FoRB promotion is a collective effort that relies significantly on partnerships involving Governments, parliaments, academia, religious actors, and civil society. Therefore, FoRB should not be advanced only on a purely inter-governmental level but through a multi-stakeholders approach, where all potential players contribute to this common goal, in line with the universal nature of FoRB, which benefits all, without distinctions. We need both a whole-of-society and a whole-of-government approach in this regard.


Based on this multidimensional nature of FoRB, there is also a need to streamline FoRB within our daily policy making activities, especially within development cooperation. FoRB violations constitute obstacles to growth, stability, and development. There are studies showing that there is a positive correlation between the respect of FoRB and growth. If some people or even entire communities are kept at the margins of society, unable to fully take part in the social and economic life of their own countries on account of their religious or belief affiliation, such exclusion will entail a loss of resources, both human resources as such and ideas. On the political and security level, religious discrimination may fuel resentment that, in turn, may lead to instability and undermine growth.


I would like to conclude by a reference to the broader Mediterranean region, our common region and the cradle of the three monotheistic religions. This area is not only Italy’s strategic neighborhood but also one of the world’s most religiously diverse areas. Despite this rich legacy, the Mediterranean region is beset by growing tensions that require the utmost commitment of all players – religious, political, and economic ones – to avoid escalation and provide people with the foundations for a more prosperous future. The region’s historic religious pluralism has also been under pressure in the last decades. The rise of Daesh, the shrinking of Christian communities, and the spreading of hate speech all point out to the need to increase our efforts to advance inclusive citizenship and equality as a political, social and cultural priority for the future of our common region.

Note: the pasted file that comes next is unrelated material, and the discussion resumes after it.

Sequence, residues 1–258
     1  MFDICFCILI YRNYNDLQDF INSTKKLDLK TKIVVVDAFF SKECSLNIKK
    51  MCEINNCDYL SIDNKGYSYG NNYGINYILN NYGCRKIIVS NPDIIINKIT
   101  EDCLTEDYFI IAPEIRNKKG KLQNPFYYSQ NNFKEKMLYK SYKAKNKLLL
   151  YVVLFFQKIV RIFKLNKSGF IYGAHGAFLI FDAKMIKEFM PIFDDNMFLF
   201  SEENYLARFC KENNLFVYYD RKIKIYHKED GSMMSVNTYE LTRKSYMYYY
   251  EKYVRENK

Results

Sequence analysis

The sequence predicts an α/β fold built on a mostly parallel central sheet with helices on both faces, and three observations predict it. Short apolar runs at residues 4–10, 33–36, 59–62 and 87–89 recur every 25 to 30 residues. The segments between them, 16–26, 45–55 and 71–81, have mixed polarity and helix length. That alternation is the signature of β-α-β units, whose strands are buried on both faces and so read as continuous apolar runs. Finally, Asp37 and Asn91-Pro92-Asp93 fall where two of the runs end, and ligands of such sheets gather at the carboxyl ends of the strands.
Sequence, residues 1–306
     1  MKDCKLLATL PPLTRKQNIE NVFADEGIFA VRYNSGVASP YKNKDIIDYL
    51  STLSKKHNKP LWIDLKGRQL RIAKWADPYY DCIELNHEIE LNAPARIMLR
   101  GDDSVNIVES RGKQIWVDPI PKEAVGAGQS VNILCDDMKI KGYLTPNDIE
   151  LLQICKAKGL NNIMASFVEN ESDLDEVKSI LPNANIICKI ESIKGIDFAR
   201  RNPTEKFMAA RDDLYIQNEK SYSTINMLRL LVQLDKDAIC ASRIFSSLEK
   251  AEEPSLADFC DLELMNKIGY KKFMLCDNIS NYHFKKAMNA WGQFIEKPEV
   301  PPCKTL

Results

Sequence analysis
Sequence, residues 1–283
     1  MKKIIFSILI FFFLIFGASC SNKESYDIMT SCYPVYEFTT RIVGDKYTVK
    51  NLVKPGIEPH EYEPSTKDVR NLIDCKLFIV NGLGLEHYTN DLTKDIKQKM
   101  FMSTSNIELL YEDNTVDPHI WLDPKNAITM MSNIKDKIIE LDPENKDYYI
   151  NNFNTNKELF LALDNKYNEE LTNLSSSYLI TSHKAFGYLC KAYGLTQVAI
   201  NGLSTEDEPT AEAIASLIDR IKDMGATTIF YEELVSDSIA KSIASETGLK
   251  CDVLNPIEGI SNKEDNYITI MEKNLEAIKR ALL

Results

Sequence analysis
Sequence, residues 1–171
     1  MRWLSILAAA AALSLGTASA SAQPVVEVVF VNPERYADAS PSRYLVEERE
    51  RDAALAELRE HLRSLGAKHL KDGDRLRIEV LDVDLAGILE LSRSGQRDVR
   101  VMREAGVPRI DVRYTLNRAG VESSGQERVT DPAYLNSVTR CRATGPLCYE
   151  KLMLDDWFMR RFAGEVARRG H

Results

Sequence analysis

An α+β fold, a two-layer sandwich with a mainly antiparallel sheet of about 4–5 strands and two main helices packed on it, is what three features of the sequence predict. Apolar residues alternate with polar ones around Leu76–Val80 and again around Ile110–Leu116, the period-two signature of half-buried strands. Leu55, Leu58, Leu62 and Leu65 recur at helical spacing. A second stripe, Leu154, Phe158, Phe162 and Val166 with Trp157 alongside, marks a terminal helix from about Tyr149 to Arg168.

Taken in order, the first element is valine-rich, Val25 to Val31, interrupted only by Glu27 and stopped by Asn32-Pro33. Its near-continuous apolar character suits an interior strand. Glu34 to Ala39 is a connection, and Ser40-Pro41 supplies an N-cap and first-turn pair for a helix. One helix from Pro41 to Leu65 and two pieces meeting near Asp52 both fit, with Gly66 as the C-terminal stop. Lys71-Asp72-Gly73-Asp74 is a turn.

With this in mind, in 2018 the Italian Parliament established a fund to support Christian communities in crisis areas. Through this fund, which has a yearly budget of 4,4 million euros, we support projects run by NGOs in several countries, mostly in the broader Mediterranean region, with a view to improving the economic condition of the beneficiaries, foster social inclusion, and reduce inequalities. In other words, we target the nexus between FoRB and equality to directly address those forms of exclusion that stem from religious or belief discrimination. Such interventions are meant to support interfaith cooperation – as a means to foster mutual knowledge and understanding – and to improve the protection of religious freedom by empowering individuals and enabling them to enjoy their rights in full.


Once again, I am grateful to the co-organizers for this opportunity and deeply appreciative of their personal commitment to the advancement of FoRB globally and I look forward to keeping engaging with them on this common goal.

Further reading about FORB in the EU on HRWF website